The Indian power sector is going through a major transformation owing to extensive generation from sustainable energy sources such as solar and wind and the introduction of newer market mechanisms such as real-time market, which provide the opportunity to trade power within half-hour windows.
However, there are challenges that hinder the evolution of the sector into a sustainable model. These include the poor financial health of electricity distribution companies (DISCOMs), slow momentum in attaining renewable energy targets, and the desynchronized functioning of various stakeholders. To resolve these, the Ministry of Power introduced the draft Electricity Act (Amendment) Bill, 2020 (the Electricity Act, 2003). Let’s revisit some of the key amendments proposed in the Bill.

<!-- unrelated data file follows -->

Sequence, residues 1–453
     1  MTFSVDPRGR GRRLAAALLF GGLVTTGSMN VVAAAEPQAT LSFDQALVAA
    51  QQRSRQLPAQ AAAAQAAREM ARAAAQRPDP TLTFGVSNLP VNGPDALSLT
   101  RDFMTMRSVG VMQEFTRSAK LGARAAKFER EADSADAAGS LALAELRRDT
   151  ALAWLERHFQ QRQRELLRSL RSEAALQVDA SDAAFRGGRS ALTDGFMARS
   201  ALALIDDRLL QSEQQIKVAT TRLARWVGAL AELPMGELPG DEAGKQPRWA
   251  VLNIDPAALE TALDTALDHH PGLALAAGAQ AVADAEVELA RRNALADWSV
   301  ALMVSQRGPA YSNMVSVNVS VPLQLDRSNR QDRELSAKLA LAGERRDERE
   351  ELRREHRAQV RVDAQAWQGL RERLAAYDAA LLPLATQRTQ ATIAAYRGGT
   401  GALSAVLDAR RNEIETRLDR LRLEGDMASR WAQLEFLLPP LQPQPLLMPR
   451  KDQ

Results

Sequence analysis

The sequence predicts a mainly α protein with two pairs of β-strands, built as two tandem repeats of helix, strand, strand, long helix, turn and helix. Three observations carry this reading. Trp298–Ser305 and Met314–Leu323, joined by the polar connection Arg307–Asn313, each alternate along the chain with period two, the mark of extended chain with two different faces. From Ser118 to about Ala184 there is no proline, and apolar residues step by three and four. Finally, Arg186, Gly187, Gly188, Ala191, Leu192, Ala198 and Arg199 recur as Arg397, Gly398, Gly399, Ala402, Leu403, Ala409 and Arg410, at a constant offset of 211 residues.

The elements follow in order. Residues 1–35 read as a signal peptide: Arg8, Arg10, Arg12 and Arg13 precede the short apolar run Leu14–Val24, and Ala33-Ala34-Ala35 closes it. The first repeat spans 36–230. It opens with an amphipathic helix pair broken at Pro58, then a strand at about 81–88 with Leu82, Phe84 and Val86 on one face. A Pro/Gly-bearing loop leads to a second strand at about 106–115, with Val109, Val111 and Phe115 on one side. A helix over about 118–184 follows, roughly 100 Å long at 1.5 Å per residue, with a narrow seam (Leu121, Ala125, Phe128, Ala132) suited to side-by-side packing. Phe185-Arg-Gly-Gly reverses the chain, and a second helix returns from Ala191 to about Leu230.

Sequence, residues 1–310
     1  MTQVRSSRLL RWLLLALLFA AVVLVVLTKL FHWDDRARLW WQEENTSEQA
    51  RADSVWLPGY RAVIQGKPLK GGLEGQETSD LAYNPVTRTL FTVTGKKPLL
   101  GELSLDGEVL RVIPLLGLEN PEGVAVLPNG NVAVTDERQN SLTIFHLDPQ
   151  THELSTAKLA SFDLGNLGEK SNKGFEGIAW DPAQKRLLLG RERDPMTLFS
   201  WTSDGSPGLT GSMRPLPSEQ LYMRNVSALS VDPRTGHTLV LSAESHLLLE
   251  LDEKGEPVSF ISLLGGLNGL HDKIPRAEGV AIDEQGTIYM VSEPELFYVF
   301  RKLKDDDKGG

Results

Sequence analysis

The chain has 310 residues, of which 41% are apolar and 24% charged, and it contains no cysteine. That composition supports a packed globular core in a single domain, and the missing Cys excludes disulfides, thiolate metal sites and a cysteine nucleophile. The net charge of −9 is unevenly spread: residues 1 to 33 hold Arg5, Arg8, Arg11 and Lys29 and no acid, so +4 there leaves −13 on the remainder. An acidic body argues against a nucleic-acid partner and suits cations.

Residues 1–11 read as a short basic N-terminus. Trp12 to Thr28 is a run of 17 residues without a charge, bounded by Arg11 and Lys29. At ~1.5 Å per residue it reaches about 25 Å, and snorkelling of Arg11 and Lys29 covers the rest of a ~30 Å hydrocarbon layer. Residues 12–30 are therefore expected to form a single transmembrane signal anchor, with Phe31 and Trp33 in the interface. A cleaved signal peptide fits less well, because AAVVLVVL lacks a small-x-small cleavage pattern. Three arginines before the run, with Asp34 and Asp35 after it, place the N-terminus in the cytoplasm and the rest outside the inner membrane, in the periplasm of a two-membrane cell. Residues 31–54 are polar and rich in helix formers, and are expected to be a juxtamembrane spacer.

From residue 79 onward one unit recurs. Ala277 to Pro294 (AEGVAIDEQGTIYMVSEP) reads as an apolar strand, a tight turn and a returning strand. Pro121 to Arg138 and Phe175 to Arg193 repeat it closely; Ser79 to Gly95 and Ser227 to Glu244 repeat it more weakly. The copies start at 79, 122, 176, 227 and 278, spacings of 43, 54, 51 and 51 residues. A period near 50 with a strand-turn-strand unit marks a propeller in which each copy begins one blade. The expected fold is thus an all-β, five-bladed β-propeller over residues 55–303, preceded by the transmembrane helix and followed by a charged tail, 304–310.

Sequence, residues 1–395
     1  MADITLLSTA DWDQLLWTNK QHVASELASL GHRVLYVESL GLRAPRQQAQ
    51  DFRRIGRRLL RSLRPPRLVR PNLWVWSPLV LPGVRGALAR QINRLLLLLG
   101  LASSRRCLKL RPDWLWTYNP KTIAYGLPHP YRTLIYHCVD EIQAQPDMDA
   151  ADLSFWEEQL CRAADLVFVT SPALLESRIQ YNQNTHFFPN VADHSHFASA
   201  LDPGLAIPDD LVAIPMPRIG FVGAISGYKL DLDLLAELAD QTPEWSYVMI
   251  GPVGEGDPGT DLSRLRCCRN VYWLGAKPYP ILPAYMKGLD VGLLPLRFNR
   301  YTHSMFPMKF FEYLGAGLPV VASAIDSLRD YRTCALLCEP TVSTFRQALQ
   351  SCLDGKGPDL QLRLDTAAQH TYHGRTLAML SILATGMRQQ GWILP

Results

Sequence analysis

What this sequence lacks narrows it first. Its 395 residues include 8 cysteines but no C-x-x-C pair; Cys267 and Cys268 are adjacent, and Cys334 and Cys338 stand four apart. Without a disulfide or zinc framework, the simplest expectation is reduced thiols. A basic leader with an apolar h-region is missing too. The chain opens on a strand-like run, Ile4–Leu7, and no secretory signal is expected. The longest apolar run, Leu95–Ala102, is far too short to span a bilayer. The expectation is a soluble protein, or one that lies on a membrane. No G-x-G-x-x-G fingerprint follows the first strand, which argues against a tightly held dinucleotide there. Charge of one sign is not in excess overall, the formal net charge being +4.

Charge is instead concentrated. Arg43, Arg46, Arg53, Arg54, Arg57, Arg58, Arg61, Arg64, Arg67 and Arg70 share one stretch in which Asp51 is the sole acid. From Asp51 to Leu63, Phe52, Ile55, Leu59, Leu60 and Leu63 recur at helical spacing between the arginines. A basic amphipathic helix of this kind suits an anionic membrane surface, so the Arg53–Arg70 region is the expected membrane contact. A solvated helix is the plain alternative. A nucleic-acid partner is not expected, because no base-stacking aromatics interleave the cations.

Improving the functioning of DISCOMs
The amendment to introduce cost-reflective tariff makes it mandatory for DISCOMs to specify each parameter related to distribution costs in tariff designing. The finalised distribution costs shall be approved by the state/central electricity regulatory commission (SERC/CERC).
The proposed amendment on the Direct Benefit Transfer (DBT) scheme will ensure that subsidy is distributed to beneficiaries directly. The SERC should not take subsidy into account while determining tariffs